method:  method,
        vars:    make(map[string]string),
        where:   make(map[string]string),
    }
}

// Name assign a name for the route
func (r *Route) Name(s string) *Route {
    r.name = s
    return r
}

// Match return true if the requested path would match with the current route path
func (r *Route) Match(req *http.Request) bool {
    regex := regexp.MustCompile(`{([^}]*)}`)
    matches := regex.FindAllStringSubmatch(r.path, -1)
    p := r.path
    for _, v := range matches {
        s := fmt.Sprintf("{%s}", v[1])
        p = strings.Replace(p, s, r.where[v[1]], -1)
    }
    regex, err := regexp.Compile(p)
    if err != nil {
        return false
    }
    matches = regex.FindAllStringSubmatch(req.URL.Path, -1)
    for _, match := range matches {

        if regex.Match([]byte(match[0])) {
            return true
        }
    }
    return false
}

func (r *Route) clear(s string) string {
    s = strings.Replace(s, "{", "", -1)
    s = strings.Replace(s, "}", "", -1)
    return s
}

// Where define a regex pattern for the variables in the route path
func (r *Route) Where(key string, pattern string) *Route {
    r.where[key] = fmt.Sprintf("(%s)", pattern)
    return r
}

// Middleware register a collection of middleware functions and sort them
func (r *Route) Middleware(mw ...Middleware) *Route {
    r.mw = mw

    //TODO: Fix this
    for i := len(r.mw)/2 - 1; i >= 0; i-- {
        opp := len(r.mw) - 1 - i
        r.mw[i], r.mw[opp] = r.mw[opp], r.mw[i]
    }
    return r
}

// extractVars parse the requested URL and return key/value pair of
// variables defined in the route path.
func (r *Route) extractVars(req *http.Request) map[string]string {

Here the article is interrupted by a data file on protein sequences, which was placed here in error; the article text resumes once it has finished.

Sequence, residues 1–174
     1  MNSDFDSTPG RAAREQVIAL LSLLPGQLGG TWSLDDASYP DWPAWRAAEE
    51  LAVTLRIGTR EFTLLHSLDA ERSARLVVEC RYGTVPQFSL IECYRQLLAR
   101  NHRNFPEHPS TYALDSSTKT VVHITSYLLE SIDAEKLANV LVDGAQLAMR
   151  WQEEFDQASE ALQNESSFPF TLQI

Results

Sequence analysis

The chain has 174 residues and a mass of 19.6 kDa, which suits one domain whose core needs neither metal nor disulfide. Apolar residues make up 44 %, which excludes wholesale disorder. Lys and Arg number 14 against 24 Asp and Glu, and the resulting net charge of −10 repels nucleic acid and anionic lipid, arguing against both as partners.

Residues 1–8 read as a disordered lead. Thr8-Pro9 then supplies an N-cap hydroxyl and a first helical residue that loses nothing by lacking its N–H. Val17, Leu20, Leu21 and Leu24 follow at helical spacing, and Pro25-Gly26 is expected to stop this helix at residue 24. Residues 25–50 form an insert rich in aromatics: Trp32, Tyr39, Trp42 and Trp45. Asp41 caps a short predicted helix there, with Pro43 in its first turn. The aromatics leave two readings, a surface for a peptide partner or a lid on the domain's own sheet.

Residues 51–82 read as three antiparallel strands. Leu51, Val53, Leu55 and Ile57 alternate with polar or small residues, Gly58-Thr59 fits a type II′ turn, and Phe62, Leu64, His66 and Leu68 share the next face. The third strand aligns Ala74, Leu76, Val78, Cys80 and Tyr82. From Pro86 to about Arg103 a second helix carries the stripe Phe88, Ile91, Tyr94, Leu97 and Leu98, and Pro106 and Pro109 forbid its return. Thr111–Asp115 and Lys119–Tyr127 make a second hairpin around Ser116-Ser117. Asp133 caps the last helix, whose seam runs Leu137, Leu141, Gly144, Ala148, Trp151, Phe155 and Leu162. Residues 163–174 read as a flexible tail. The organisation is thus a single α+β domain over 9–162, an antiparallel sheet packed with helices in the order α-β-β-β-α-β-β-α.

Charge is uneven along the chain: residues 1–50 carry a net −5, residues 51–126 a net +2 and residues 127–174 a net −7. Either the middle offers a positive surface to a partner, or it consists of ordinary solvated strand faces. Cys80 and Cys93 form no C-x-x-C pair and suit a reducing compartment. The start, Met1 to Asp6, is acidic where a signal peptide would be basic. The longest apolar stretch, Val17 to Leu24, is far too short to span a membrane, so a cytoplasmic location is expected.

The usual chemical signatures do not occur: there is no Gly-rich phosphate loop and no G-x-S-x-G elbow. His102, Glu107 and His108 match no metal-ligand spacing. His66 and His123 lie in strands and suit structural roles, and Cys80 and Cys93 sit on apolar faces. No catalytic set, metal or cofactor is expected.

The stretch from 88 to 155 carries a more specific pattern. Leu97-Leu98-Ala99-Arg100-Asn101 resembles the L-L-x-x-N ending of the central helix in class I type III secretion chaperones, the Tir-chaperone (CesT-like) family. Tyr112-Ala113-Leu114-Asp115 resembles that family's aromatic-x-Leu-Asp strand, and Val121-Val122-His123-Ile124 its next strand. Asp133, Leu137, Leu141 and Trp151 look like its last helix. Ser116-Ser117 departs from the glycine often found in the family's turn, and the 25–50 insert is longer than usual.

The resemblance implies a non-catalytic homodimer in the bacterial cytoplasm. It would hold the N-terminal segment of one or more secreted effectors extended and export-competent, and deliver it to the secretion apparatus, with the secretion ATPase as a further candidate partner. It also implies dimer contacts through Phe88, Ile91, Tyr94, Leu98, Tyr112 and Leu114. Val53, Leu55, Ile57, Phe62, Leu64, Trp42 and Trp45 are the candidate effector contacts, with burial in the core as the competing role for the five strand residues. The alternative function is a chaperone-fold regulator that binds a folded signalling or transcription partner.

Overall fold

url := strings.Split(req.URL.Path, "/")
    path := strings.Split(r.clear(r.path), "/")
    vars := make(map[string]string)
    for i := 0; i < len(url); i++ {
        if _, ok := r.where[path[i]]; ok {
            vars[path[i]] = url[i]
        }
    }
    return vars
}

// dispatch run route middleswares if any then run the route handler
func (r *Route) dispatch() http.Handler {
    for _, m := range r.mw {
        r.handler = m(r.handler)
    }
    return r.handler
}

How to use it:

func main() {
  r := router.NewRouter()

  r.GET("/user/{user}", userHandler).
      Name("index").
      Where("user", "[a-z0-9]+").
      Middleware(mid1)

  http.ListenAndServe(":3000", r)
}

func userHandler(w http.ResponseWriter, r *http.Request) {
   vars := router.Vars(r)
   fmt.Fprintf(w, "hello, %s!", vars["user"])
}

func mid1(next http.Handler) http.Handler {
  return http.HandlerFunc(func (w http.ResponseWriter, r *http.Request){
      fmt.Println("from middleware 1")
      next.ServeHTTP(w, r) // call another middleware or the final handler
  });
}
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1
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You write:

func (r *Route) Match(req *http.Request) bool {
    regex := regexp.MustCompile(`{([^}]*)}`)
    // ...
}

Therefore, we would expect your performance to be poor.

See https://codereview.stackexchange.com/a/236196/13970

What performance testing have you done? Where are your benchmarks?

| improve this answer | |
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  • \$\begingroup\$ Thanks for the reply. I haven't done any benchmark but I think the regex in Go is slow and it's not specific to MustCompile function. right? Do you have any suggestion to fix it? \$\endgroup\$ – Saeed M. Mar 3 at 3:57
  • \$\begingroup\$ @SaeedM.: In my answer I gave you a link to an earlier answer which explained the problem and how to solve it by moving a line. \$\endgroup\$ – peterSO Mar 4 at 0:57